New genetic driver of autism and other developmental disorders identified

New genetic driver of autism and other developmental disorders identified
Figure 1 A: Illustration of the experiment. Green fluorescent proteins were introduced so that the target gene and the entire neuron could be observed. B: Each target gene was separately introduced into the cerebral cortex and dendritic spine dynamics were tracked for a period of 2 days (on the 21st and 22nd days after birth). Yellow arrows indicate newly formed spines and red arrowheads indicate spine elimination. C: The quantified results of B in graph form. D: Spine morphology classification data on the spines that formed when Ndn was introduced. Filopedia, a type of immature spine formation, significantly increased upon Ndn introduction. Credit: Kobe University

A research group including Kobe University's Professor Takumi Toru (also a Senior Visiting Scientist at RIKEN Center for Biosystems Dynamics Research) and Assistant Professor Tamada Kota, both of the Physiology Division in the Graduate School of Medicine, has revealed a causal gene (Necdin, NDN) in autism model mice that have the chromosomal abnormality called copy number variation.

The researchers hope to illuminate the NDN gene's molecular mechanism in order to contribute towards the creation of new treatment strategies for developmental disorders including autism.

These research results were published in Nature Communications on July 1, 2021.

Even though the number of patients diagnosed with autism (autism spectrum disorder) has been greatly increasing, many aspects of this developmental disorder are still not well understood. Its causes are divided into genetic factors and environmental factors. Within these , particular copy number variations have been found in autistic patients; for example, chromosome 15q11-q13 duplication. These abnormalities in the 15q11-q13 region are divided into maternally derived and paternally derived chromosomal duplication cases. It is understood that the Ube3a gene drives maternally derived chromosomal duplication. However, it is not known which gene is vital for paternally derived duplication.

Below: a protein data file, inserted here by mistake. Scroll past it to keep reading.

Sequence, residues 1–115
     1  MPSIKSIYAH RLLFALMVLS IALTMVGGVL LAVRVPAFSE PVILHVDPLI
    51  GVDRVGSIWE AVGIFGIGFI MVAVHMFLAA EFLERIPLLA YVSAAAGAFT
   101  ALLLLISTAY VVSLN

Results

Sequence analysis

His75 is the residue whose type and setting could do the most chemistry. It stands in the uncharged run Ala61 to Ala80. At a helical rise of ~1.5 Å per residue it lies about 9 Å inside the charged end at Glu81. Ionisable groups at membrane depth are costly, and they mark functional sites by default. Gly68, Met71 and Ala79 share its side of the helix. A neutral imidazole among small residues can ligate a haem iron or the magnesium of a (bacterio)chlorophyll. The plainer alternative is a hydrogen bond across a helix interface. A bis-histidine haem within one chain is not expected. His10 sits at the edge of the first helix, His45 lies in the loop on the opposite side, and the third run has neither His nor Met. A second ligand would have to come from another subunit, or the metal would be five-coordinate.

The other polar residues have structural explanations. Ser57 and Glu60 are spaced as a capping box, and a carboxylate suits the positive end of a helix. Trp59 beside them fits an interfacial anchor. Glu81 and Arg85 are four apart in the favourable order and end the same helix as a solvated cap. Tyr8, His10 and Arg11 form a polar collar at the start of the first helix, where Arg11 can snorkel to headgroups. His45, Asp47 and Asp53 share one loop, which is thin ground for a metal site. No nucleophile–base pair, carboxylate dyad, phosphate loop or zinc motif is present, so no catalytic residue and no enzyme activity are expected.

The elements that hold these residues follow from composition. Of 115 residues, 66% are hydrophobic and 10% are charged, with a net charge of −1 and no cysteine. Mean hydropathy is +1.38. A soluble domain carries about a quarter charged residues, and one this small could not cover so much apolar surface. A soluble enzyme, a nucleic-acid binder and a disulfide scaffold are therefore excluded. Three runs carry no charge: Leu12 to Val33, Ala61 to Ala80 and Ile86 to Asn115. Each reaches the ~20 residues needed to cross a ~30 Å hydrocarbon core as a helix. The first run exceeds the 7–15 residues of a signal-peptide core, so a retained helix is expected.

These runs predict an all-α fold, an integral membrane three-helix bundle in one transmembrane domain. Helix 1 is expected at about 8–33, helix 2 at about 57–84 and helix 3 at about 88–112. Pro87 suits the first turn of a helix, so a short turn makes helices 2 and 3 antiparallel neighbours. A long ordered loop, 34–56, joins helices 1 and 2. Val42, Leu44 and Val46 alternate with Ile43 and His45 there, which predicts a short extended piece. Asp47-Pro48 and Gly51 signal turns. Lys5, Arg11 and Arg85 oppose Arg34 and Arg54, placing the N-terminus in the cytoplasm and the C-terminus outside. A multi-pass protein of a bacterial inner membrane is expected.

This research group previously succeeded in developing a mouse model of 15q11-q13 duplication (15q dup mouse). Using this mouse model, they identified numerous abnormalities in paternally derived chromosomal duplication cases, including autism-like behaviors, and abnormalities in dendritic spine formation. However, the researchers were unable to identify which gene is responsible for autism-like behavior because this region contains many non-coding RNA molecules and that code proteins.

New genetic driver of autism and other developmental disorders identified
Figure 2 A: Creation diagram of the 15q dupΔNdn mouse. The copy of the Ndn gene was removed from the original 15q dup mouse model of autism. B. Dendritic spine formation rate in 15q dupΔNdn mice. C and D: Quantification of inhibitory synapses. Credit: Kobe University

In 15q dup mice, there is a great number of genes as the duplication extends to the 6Mb region. Previous research showed that behavioral abnormalities were not induced by maternally derived chromosomal duplication, therefore around 2Mb was excluded. As for the remaining 4Mb, the researchers first created a new 1.5Mb duplication mouse model and investigated behavior abnormalities. From the results, they were unable to identify any autism-like behavioral abnormalities in 1.5Mb duplication mice. Consequently, the researchers excluded this 1.5Mb, leaving them with three protein-encoding genes as possible candidates.

Next, these three genes were individually introduced into the cerebral cortex of mice via in utero electroporation. The researchers measured the spine turnover rate (formation and elimination of dendritic spines over a two-day period) in vivo using a two-photon microscope and discovered that the number of spines drastically increased when the Ndn gene was introduced (Figure 1A-C). Furthermore, morphology classification of these spines indicated that the majority were immature. This reveals that the Ndn gene regulates the formation and maturation of dendritic spines during the developmental stage (Figure 1D).